The growth in commercial unmanned aircraft systems (UAS)– and the increasing integration of drones into controlled airspace – has raised concerns with manned aircraft operators, air traffic controllers (ATCs) and the FAA about mid-air collisions. This concern motivated the FAA to release proposed rules for the Remote Identification of Unmanned Aircraft Systems on Dec. 26, 2019.
The FAA’s proposed remote identification rules have raised questions in the commercial UAS community about the place for avionics mandates for commercial drones, and what shape these rules should actually take. Also being discussed are the role of manned aircraft and helicopters in detecting UAS, and what surveillance links can alert ATCs about commercial drones in controlled airspace.
The FAA's Remote ID Proposal
The FAA’s proposal for remotely identifying unmanned aircraft systems (UAS) is founded upon all drones being equipped with some form of onboard ID-generating avionics. “Remote ID is the ability of an unmanned aircraft in flight to provide certain identification and location information that people on the ground and other airspace users can receive,” a representative for the FAA told Avionics International. “This is an important building block in the unmanned traffic management ecosystem as it will provide additional situation awareness to manned and unmanned aircraft.”
The remote ID avionics technology that the FAA wants to be included on commercial UAS and all other drones “will enable the agency and law enforcement to identify unmanned aircraft flying in U.S. airspace,” the FAA said, providing identifying information akin to how ADS–B and transponders do for manned aircraft.
Currently (and under the proposed rules), all unmanned drone operations in controlled airspace must be authorized by the FAA. Drone operators can request authorizations to fly under 400 feet in controlled airspace through the Low Altitude Authorization and Capability (LAANC), which automates the application and approval process for drone operators to obtain airspace authorizations, according to the agency.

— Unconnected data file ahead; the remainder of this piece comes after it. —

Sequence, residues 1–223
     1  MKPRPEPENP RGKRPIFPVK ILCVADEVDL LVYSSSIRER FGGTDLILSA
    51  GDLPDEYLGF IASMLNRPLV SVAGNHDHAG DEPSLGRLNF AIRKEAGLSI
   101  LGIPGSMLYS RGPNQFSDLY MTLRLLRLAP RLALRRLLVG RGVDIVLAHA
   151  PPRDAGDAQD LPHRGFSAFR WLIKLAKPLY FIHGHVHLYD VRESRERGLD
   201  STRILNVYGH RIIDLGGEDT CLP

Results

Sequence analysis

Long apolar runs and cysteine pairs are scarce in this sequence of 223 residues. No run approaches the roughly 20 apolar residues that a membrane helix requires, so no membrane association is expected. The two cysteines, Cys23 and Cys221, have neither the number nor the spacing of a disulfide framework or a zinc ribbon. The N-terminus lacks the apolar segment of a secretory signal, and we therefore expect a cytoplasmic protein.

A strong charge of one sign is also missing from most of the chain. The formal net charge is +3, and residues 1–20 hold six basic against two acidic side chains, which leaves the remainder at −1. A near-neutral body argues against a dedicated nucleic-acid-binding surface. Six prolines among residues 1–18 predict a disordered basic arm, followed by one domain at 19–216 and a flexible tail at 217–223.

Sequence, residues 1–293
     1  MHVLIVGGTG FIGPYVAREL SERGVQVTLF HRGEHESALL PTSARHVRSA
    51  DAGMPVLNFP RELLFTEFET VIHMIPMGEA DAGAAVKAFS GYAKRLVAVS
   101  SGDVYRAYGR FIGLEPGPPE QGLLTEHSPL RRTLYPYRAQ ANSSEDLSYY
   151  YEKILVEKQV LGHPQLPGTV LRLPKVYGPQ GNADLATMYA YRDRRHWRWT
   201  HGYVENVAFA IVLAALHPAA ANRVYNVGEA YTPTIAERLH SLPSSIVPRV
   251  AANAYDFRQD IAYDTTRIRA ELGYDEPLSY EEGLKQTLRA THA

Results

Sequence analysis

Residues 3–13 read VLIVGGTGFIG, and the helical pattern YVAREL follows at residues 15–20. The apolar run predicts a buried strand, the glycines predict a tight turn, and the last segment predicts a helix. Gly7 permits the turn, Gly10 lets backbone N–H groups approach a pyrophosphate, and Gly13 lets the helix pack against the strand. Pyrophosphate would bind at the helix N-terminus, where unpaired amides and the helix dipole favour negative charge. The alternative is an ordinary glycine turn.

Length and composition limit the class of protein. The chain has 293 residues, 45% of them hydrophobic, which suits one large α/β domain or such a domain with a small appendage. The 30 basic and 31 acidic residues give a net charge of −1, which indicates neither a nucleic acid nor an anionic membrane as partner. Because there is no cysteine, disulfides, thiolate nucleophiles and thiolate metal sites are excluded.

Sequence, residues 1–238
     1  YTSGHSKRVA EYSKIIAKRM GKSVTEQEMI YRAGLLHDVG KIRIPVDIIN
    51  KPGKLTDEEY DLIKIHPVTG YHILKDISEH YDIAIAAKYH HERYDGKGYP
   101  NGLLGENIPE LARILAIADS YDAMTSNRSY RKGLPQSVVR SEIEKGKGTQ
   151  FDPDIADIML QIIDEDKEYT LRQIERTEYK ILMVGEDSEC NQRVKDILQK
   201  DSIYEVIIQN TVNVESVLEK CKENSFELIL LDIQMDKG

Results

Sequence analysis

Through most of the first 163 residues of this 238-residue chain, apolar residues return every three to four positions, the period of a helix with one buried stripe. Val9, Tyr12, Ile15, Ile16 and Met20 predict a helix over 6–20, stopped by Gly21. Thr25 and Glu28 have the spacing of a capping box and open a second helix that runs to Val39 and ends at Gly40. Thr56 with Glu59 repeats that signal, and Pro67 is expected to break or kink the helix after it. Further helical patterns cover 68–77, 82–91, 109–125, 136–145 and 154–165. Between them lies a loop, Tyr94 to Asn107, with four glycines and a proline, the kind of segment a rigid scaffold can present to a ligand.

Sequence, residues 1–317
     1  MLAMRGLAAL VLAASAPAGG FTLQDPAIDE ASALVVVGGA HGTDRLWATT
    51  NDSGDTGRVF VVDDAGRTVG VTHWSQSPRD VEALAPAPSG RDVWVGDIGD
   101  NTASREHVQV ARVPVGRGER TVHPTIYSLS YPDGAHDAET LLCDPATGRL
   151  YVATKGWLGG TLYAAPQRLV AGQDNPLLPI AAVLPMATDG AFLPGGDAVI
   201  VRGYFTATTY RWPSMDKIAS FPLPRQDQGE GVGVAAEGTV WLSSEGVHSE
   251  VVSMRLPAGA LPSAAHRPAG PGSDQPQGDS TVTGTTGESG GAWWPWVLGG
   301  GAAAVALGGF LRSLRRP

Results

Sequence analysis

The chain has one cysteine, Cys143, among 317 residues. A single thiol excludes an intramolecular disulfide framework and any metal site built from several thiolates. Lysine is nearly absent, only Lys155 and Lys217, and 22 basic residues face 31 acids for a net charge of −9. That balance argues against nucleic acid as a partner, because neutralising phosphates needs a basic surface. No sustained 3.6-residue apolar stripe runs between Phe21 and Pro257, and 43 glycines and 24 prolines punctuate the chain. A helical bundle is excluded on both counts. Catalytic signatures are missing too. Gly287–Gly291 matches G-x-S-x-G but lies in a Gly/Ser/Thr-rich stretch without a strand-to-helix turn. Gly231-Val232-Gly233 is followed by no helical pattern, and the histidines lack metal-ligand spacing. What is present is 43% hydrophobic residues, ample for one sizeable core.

LAANC therefore provides commercial drone pilots with the opportunity to fly safely in areas where air traffic controllers provide service and avoid any potential conflict with manned aircraft. However, that’s only on the commercial drone pilot’s side. The other side of this equation is where it starts to get complicated.
What about the ability of pilots to spot drones in controlled airspace?
“Manned aircraft ‘see and avoid’ other manned aircraft now, in some cases, unmanned aircraft as well,” the FAA representative said. “One of the biggest challenges is the volume of operations. There are nearly four times as many UAS as registered manned aircraft.”
Commercial UAS Industry Perspectives Vary
Based on the input from four UAS companies – Altitude Angel (UAS Traffic Management solutions), Aquiline Drones (OEM), Unifly (UAS traffic management technology), and uAvionix Corporation (UAS avionics), there is consensus that some form of remote identification for commercial UAS is both desirable and inevitable.
There is also general agreement that manned aircraft and helicopters need to play their part in detecting CUAS, and that the FAA’s vision of UAS Traffic Management (UTM) – one that is distinct from, but complementary to, the FAA's existing air traffic system – ¬can keep ATCs in the loop.
Phil Binks, Altitude Angel’s head of air traffic management said he is fine with the concept of extending an avionics mandate to commercially operated unmanned aircraft, as long as the same requirement is being met by manned aircraft as well.
“You may not know it, but not all aircraft are currently required to be fitted with transponders,” Binks said. “With electronic conspicuity installed on both commercial drones and manned aviation, combined with a platform which allows us to have a single-source-point-of-truth for the skies, we can begin to apply technologies which are able to keep manned and autonomous vehicles safely apart. Manned aviation pilots can be made aware of the presence of drones and drones can be given timely and appropriate instructions to avoid conflict.”
Meanwhile, Altitude Angel’s GuardianUTM O/S drone management platform can help ATCs manage drones in controlled airspace. It is already providing this capability for NATS, the air navigation service provider for the U.K. Through the NATS Airspace User Portal, U.K.-based commercial drone operators can request permission to fly airspace that is usually restricted, with help from GurdianUTM.
“GuardianUTM not only streamlines the process for drones to access restricted airspace, it can also provide conformance alert,” Binks said. “When a drone’s operation is no longer aligned to its flight plan, a controller can be alerted to the problem and an appropriate cause of action can be taken.”